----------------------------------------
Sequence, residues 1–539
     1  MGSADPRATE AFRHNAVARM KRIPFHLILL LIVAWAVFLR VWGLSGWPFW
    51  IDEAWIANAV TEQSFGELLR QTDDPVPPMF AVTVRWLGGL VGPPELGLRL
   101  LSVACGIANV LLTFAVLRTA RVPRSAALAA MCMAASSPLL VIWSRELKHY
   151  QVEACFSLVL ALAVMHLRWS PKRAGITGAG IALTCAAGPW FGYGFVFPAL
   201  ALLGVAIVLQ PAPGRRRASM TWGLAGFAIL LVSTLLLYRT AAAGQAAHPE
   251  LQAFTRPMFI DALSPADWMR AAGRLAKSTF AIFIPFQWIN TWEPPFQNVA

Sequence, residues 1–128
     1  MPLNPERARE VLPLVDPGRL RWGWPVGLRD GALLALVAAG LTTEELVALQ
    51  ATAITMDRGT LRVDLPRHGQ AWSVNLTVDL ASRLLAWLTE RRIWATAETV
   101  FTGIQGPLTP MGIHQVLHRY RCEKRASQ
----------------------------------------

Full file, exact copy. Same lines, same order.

Sequence, residues 1–539
     1  MGSADPRATE AFRHNAVARM KRIPFHLILL LIVAWAVFLR VWGLSGWPFW
    51  IDEAWIANAV TEQSFGELLR QTDDPVPPMF AVTVRWLGGL VGPPELGLRL
   101  LSVACGIANV LLTFAVLRTA RVPRSAALAA MCMAASSPLL VIWSRELKHY
   151  QVEACFSLVL ALAVMHLRWS PKRAGITGAG IALTCAAGPW FGYGFVFPAL
   201  ALLGVAIVLQ PAPGRRRASM TWGLAGFAIL LVSTLLLYRT AAAGQAAHPE
   251  LQAFTRPMFI DALSPADWMR AAGRLAKSTF AIFIPFQWIN TWEPPFQNVA

Sequence, residues 1–128
     1  MPLNPERARE VLPLVDPGRL RWGWPVGLRD GALLALVAAG LTTEELVALQ
    51  ATAITMDRGT LRVDLPRHGQ AWSVNLTVDL ASRLLAWLTE RRIWATAETV
   101  FTGIQGPLTP MGIHQVLHRY RCEKRASQ